At 100% humidity being right on the equator and accompanied by the dense vegetation of the forest canopy that almost obiterated light, the atmosphere within the forest was oppressive, especially at night when the calls of birds, mammals and insects reached an almost deafening crescendo. We went on night walks around the camp which were fascinating with marsupials, monkeys, owls and weird and wonderful insects in close proximity – not to mention caimen along the laguna shore, tightly lined up like yachts in a marina, eyes shimmering in our torchlights. I though how easy it would be to get lost and was reminded of the astonishing account Benedict Allen gave in his book ‘Mad White Giant’ of his first solo expedition in the Brazilian Amazon when he did get lost. The trip almost killed him and he was in part saved by eating his dog.
After our spending a week taking in these wonders (I passed hours watching leaf cutter ants purposefully going about their caste chores), we and the rest of the group reluctantly headed back to Lago Agrio. It was evening again and we did not relish a night there. Against our better judgement, we took the risky night bus (strickly warned against in the guidebooks due to risk of kidnap near the Columbian border). The view of our fellow American travellers was safety in numbers – we all get on the night bus. My view was somewhat different when I envisaged the delight of guerillas as they realised they had the bounty of not one or two but ten foreign hostages.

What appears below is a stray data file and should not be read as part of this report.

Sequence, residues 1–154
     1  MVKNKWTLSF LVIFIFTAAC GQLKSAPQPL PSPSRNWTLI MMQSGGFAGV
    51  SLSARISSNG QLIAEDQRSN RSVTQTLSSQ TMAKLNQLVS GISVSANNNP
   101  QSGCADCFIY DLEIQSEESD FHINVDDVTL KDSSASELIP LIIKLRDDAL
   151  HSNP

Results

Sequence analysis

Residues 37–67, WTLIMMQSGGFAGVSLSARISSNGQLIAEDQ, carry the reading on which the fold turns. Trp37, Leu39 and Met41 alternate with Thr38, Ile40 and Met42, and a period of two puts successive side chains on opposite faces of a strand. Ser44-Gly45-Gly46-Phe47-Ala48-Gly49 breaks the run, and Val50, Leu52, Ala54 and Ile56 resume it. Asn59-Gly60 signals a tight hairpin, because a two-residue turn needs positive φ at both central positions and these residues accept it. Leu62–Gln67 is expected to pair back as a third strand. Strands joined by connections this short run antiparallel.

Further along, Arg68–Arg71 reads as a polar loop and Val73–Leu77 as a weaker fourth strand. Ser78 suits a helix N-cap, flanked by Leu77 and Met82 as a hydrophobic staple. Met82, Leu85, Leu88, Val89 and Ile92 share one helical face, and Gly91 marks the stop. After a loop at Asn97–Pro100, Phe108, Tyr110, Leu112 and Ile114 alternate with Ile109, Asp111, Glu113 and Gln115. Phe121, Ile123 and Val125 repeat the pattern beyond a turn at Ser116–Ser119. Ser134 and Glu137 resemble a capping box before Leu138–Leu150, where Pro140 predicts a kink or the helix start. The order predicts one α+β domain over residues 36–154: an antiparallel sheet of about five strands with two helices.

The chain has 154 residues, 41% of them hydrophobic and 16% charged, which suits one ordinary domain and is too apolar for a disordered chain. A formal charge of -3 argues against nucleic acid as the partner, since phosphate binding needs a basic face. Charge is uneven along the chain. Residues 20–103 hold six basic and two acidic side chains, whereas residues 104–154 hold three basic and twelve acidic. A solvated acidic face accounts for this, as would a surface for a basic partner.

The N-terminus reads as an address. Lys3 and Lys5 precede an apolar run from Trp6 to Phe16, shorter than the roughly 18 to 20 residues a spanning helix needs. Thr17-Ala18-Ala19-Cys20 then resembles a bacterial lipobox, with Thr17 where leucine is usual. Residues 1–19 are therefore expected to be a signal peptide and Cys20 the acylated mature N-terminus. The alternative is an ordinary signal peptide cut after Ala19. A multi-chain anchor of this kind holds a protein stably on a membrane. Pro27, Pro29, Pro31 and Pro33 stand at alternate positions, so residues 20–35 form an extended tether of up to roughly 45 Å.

In any event, bus internal lights dimmed, the salsa cranked up again to the max, we headed back to Quito. A couple of hours later, the bus was stopped and a few bods in fatigues walked on with rifles, took everyone’s passports and papers and frog-marched us off the bus. I was reasonably certain these were Ecuadorian officials, but had a stash of dollars to hand, just in case – bribes were not uncommon. We walked through a check point where an officer barked a few questions at us in Spanish and returned our passports. We got back on the bus, no harm done, save for the shattered nerves of a few tourists.